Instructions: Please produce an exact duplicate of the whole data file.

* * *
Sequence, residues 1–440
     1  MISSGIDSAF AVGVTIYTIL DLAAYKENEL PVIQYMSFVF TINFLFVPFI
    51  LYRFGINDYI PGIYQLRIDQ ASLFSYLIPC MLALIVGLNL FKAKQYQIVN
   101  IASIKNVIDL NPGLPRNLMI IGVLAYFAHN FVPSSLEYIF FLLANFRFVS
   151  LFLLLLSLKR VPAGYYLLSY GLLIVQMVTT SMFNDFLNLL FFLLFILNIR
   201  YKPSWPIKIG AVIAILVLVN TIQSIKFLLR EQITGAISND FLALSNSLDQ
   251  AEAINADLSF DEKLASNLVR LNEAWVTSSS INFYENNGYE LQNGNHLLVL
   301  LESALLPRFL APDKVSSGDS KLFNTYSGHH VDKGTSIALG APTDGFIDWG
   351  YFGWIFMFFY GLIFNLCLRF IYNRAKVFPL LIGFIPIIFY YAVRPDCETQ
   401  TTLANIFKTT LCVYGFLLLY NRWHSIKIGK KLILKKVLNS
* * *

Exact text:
Sequence, residues 1–440
     1  MISSGIDSAF AVGVTIYTIL DLAAYKENEL PVIQYMSFVF TINFLFVPFI
    51  LYRFGINDYI PGIYQLRIDQ ASLFSYLIPC MLALIVGLNL FKAKQYQIVN
   101  IASIKNVIDL NPGLPRNLMI IGVLAYFAHN FVPSSLEYIF FLLANFRFVS
   151  LFLLLLSLKR VPAGYYLLSY GLLIVQMVTT SMFNDFLNLL FFLLFILNIR
   201  YKPSWPIKIG AVIAILVLVN TIQSIKFLLR EQITGAISND FLALSNSLDQ
   251  AEAINADLSF DEKLASNLVR LNEAWVTSSS INFYENNGYE LQNGNHLLVL
   301  LESALLPRFL APDKVSSGDS KLFNTYSGHH VDKGTSIALG APTDGFIDWG
   351  YFGWIFMFFY GLIFNLCLRF IYNRAKVFPL LIGFIPIIFY YAVRPDCETQ
   401  TTLANIFKTT LCVYGFLLLY NRWHSIKIGK KLILKKVLNS